Strangely, nestled amongst all the dark slate headstones there were some newish white marble ones which stood out like sore thumbs, although the slate quarrying here ceased many years ago and must have originally supplied the headstones I found it rather sad that they had to resort to importing such an alien rock to a valley full of slate.

“BLOWS the wind to-day, and the sun and the rain are flying—
  Blows the wind on the moors to-day and now,
Where about the graves of the martyrs the whaups* are crying,
  My heart remembers how!

“Gray, recumbent tombs of the dead in desert places,
  Standing stones on the vacant, red-wine moor,
Hills of sheep, and the homes of the silent vanished races
  And winds austere and pure!

“Be it granted me to behold you again in dying,
  Hills of home! and I hear again the call—
Hear about the graves of the martyrs the pee-wees crying,
  And hear no more at all.”

                                              Robert Louis Stevenson

*Whaups: Curlews

There can be no doubt that this valley is one of the most beautiful of all the mountain valleys in Wales and the poet Eifion Wyn who grew up in the area has two lines in his poem 'Cwm Pennant' which has found its way into Welsh folklore , "Pam, Arglwydd, y gwnaethost Gwm Pennant mor dlws? A bywyd hen fugail mor fyr?"    roughly translated it says: ‘O Lord, why did you make Cwm Pennant so beautiful and the life of a shepherd so short?’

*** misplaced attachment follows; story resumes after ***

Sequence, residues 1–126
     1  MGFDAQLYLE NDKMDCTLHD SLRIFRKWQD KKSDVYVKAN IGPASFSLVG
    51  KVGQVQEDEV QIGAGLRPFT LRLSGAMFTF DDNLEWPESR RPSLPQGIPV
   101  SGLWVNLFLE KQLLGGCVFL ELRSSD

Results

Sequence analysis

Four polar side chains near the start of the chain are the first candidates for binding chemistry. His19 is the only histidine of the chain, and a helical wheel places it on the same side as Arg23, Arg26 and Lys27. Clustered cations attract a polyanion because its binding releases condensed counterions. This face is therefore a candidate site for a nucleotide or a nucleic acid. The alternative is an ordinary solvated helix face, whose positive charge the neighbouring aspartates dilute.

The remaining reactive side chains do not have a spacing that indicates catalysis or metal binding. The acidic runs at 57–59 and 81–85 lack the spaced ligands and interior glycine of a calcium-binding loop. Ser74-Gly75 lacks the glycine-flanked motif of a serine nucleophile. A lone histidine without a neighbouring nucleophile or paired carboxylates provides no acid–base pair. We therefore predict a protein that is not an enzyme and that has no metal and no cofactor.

These few words sum up the whole of Cwm Pennant and its geology, industry and the very people who live here and existed amongst the most dramatic backdrop possible. If you are to be interred anywhere then this sacred spot would be hard to beat, you can rest in peace for another millennia without the though that there may be a chance you could be tarmacked over or have a huge wind turbine shaking the ground you lie in, it just seemed a safe place to be with its grazing sheep and gently flowing river to keep you company and only a raven's tumbling flight to the summits of spirits, where you would be amongst the sleeping warriors awaiting their call to arms once more.